6. Your horse is sweating, not due to heat or exercise, and his respiration is up.
There are other, more subtle signs of colic. Your horse will usually establish a daily pattern. If he breaks the pattern, this is usually an indication that something is wrong. I always suspect colic if:
1. My horse is a good doer and he doesn't want to eat or doesn't finish eating.
2. My horse is listless and not grazing or eating hay at his regular time.
3. My horse lays down at an unusual time (especially feed time)
4. My horse stretches out like he needs to urinate but does not urinate.
If you suspect colic, you should check your horse for gut sounds. To do this, you should stand at the horse's shoulder, as far away from his back feet as possible and put your ear to his abdomen in front of his flank. Check both sides. Colic is indicated by very few or no stomach sounds or, conversely, by very loud and frequent sounds. You should practice listening for gut sounds when your horse is healthy. This will familiarize you with the sounds of a normal gut and will also accustom your horse to this activity. If you wait until he's colicking, his pain and his unfamiliarity with this move will make him much more likely to kick. If your horse's stomach sounds are not normal, remove all your horse's food, and call your vet. The vet may also want you to take your horse's temperature and pulse rate. If the horse is in a stall, the vet may want to know if the horse has passed any manure. Talking to your vet about colic BEFORE it happens is probably a good idea. Find out exactly what information he or she would like to have when you call about a suspected colic.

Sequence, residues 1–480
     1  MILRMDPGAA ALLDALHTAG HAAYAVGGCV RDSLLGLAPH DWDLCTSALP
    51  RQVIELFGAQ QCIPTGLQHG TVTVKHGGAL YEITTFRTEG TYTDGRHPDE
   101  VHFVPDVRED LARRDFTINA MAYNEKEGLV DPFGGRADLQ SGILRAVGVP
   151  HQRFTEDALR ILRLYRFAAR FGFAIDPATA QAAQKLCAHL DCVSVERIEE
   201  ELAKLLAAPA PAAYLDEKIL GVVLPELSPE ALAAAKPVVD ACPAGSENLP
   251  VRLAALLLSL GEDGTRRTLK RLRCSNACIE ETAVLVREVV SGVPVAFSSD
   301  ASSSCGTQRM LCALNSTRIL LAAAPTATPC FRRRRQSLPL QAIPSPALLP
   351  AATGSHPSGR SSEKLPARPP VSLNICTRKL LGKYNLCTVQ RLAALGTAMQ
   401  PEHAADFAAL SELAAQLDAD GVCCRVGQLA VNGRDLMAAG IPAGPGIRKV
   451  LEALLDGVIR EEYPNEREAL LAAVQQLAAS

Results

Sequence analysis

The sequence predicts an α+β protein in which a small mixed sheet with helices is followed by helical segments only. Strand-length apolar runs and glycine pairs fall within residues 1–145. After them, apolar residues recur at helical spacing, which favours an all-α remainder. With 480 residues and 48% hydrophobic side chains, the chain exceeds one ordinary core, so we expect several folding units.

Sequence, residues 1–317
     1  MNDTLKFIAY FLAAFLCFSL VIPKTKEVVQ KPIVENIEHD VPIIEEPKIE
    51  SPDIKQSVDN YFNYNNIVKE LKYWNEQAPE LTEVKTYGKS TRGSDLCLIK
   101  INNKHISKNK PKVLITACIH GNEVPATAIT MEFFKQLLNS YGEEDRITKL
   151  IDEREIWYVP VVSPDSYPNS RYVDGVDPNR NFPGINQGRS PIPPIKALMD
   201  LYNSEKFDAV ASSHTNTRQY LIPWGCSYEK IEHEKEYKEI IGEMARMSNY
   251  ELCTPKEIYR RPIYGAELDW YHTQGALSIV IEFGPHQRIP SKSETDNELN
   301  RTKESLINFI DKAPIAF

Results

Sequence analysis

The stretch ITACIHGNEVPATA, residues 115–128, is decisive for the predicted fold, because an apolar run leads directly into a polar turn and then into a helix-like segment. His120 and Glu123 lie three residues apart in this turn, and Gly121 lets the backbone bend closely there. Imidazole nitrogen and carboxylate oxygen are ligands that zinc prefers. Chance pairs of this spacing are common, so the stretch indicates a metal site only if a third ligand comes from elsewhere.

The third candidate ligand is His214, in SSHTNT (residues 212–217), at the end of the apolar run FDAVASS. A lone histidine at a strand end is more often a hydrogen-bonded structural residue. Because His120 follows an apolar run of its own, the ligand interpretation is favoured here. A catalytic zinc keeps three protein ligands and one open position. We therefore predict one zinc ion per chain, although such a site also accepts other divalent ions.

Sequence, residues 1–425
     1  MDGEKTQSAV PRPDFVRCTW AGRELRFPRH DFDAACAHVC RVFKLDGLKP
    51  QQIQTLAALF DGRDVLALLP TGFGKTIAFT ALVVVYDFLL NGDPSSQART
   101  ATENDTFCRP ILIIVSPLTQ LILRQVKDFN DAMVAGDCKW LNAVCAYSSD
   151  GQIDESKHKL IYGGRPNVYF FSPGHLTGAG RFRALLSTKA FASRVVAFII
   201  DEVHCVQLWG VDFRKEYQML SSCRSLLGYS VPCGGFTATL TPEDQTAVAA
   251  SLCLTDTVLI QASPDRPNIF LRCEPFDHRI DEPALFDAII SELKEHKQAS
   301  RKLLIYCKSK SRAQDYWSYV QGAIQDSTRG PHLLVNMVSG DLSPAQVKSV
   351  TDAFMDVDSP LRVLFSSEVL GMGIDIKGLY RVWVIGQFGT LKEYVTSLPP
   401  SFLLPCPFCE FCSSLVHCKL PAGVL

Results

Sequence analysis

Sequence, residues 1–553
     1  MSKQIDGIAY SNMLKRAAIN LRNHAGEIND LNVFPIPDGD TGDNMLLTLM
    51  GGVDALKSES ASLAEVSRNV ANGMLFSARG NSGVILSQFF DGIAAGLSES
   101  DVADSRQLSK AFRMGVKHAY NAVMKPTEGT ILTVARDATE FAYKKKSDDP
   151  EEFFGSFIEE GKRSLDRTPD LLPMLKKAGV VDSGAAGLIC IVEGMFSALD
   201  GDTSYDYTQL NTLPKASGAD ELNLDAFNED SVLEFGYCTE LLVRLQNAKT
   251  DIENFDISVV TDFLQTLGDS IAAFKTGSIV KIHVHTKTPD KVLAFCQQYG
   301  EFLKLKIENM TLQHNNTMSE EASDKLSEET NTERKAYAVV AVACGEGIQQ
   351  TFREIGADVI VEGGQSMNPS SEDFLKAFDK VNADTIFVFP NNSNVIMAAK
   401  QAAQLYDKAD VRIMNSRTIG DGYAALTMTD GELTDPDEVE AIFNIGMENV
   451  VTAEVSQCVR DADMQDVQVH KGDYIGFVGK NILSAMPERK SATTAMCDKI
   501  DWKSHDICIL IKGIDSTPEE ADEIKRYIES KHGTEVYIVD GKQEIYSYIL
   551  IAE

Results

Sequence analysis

I will not go into treatments in this post, as I think this is a matter you need to discuss with your vet. Treatments range from pain medication and antispasmodics, through mineral oil administered with a nasal tube, all the way up to surgery. These things are also best discussed with your vet before you have a colic to deal with. The surgery, while much more successful than in the past, is very expensive. After care is extensive and complications can add to an already big bill.
While not all colics can be prevented, there are plenty of things you can do to lessen the chance of your horse colicking. Feed plays a large part in colic. One of the most important things you can do is KEEP YOUR HORSE OUT OF THE FEED ROOM. I can't stress how important this is. While horses are very intelligent, most of them will gorge themselves on feed if left unattended. If you decide to change feeds, do this very gradually. Abrupt changes in diet is one of the things that predisposes horses to colic. Feeding several small meals is easier on your horse than feeding one large meal, as explained above. Feeding at regular times is also very helpful.